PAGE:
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There Once Were Finger Bowls: The McIlhenny

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Sitting across from the Dorchester on Rittenhouse Square (extending onto Rittenhouse Street, aka, Winter Wind Tunnel Ave.), what's familiarly known as the McIlhenney is for sale for $4.75 million. While that may seem a bargain, of sorts, for a 10-bedroom, 8,600 square-foot mansion with a two-car garage on the toniest green in the city, the McIlhenney needs more than a little TLC. Named for its former owner, art collector Henry Plumer McIlhenny, the house hasn't had a resident since his death in 1986 and is in need of numerous repairs. When the property first went on the market in 2006, the Inquirer's architecture critic Inga Saffron wrote about it on her blog Skyline Online. At the time, it was priced at $11,740,000. Saffron wrote: "While the $12 million tag might suggest the Philadelphia housing market has reached a whole new level, it's pretty much what developers expect to pay today for a prime Rittenhouse Square high-rise site." How times have changed.

McIlhenny was utterly dedicated to connoisseurship and collecting, and he was well known in his lifetime not only for his patronage but for his wealth and breeding. The Philadelphia Museum of Art has his collected papers, including articles that were written about him. The summary of the articles makes you understand the place he held in the world of swells:

In many, the [article] titles alone underscore McIlhenny's reputation as patron of the arts and the epitome of elegance. ... Patrick Gallagher, McIlhenny's butler of almost 25 years, summarized his employer's character with an anecdote published in a 1988 article in Gentlemen's Quarterly. When a guest mistakenly drank from his finger bowl, McIlhenny picked up his own bowl and did the same. To Gallagher, such was the response of "a true gentleman." (It should be noted that the gentleman might have gotten the idea from Queen Victoria, who was famously rumored to have done the same thing.)

The collected papers also give us a window into how the 35-room mansion evolved into the property it is today. To start with, what we see as one building was originally three. According to the museum's content summary, the renovations were supervised by "Philadelphia architect and personal friend George Roberts" and cost $100,000 in total.

As for interiors, McIlhenny used both the local design firm George Doan Inc. and New York's Denning & Fourcade for a 1970s overhaul, including "mirror frames based on illustrations from The Palaces of Leningrad" and "an antique, cane-back chaise percée to be fitted over the modern lavatory."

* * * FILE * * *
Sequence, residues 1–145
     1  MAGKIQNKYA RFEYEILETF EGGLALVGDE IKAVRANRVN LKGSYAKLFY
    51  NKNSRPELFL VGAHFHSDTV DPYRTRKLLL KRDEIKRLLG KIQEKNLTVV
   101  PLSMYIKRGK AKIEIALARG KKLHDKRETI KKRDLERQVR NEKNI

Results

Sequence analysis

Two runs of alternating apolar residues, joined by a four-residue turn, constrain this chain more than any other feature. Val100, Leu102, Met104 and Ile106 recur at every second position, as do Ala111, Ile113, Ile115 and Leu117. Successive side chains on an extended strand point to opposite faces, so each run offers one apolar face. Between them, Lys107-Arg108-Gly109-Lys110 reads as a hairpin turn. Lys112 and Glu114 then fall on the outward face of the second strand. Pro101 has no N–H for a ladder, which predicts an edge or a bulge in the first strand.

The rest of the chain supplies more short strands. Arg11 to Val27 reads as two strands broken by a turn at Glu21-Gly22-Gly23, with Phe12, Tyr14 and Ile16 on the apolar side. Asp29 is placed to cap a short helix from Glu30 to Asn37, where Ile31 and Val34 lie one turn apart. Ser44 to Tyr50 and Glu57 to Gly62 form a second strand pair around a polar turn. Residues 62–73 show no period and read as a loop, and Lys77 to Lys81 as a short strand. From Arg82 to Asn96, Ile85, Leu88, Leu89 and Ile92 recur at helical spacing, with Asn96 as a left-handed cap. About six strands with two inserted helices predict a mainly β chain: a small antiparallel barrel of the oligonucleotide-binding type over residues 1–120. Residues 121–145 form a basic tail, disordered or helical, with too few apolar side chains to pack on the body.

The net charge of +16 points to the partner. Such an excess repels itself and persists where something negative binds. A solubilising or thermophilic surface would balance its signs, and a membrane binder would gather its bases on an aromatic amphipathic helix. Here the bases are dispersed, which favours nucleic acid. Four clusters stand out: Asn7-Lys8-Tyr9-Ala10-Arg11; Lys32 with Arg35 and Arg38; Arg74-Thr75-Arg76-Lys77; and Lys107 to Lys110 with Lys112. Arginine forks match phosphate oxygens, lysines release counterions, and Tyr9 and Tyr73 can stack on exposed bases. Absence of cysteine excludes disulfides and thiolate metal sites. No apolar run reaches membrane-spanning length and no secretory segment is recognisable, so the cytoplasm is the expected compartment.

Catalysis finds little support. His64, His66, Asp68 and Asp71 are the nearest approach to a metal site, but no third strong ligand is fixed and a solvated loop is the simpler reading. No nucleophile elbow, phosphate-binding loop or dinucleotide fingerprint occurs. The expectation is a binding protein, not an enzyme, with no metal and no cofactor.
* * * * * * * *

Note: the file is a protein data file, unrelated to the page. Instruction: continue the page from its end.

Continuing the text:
A chaise percée is a chair that disguises the toilet, and is certainly better than the sad little rug hats people put on their toilet seats these days. In case you're curious, we have a gallery for you:

And here's a gallery of McIlhenny's interiors from the April 1986 House and Garden, which a reader scanned and sent to the blog The Blue Remembered Hills.

Though the listing claims Henry Plumer McIllhenny was the property's only resident, the mansion does in fact have another owner: Tylenol heir Hank McNeil, who lives around the corner. And if random blog posts can be believed (of course!) he sounds like quite a colorful personality. John Bruce Schmitt, a frequent contributor to a blog about historic Germantown, posted about McIlhenny and McNeil last year. Here's what he said:

Henry McIlhenney moved to a magnificent house on the 1900 block of Rittenhouse Square where his extraordianry art-collection resided. Many of the great Renoirs at PAM belonged to Henry Mc. The world is so small and this mansion was sold to Henry (Hank) McNeil who frequented The Jarrettown Hotel which was owned by my family. Hank McNeil was also a great art-collector and Gallery-owner in Philly and NYC. Hank had pedigree-dogs and we liked to wager on horses. McNeil is also an art collector and owns a large tract of land called the Winslow Farms Conservancy in Hammonton, NJ, which was designed by landscape architect Martha Schwartz. McNeil apparently rescued the land from tract development plans and turned it into a sort of wildlife paradise and place for AKC field trials. We have a message in to him to talk about the Conservancy and the McIlhenny. We'll keep you posted.
· Listing: 1914-16 Rittenhouse [Mike McCann Team]